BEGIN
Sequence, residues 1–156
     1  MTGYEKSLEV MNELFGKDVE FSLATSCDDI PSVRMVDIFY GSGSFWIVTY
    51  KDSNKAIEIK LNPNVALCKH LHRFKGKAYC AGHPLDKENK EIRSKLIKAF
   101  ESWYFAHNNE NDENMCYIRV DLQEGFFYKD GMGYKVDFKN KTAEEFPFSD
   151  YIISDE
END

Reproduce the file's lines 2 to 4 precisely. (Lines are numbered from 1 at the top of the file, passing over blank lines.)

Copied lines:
     1  MTGYEKSLEV MNELFGKDVE FSLATSCDDI PSVRMVDIFY GSGSFWIVTY
    51  KDSNKAIEIK LNPNVALCKH LHRFKGKAYC AGHPLDKENK EIRSKLIKAF
   101  ESWYFAHNNE NDENMCYIRV DLQEGFFYKD GMGYKVDFKN KTAEEFPFSD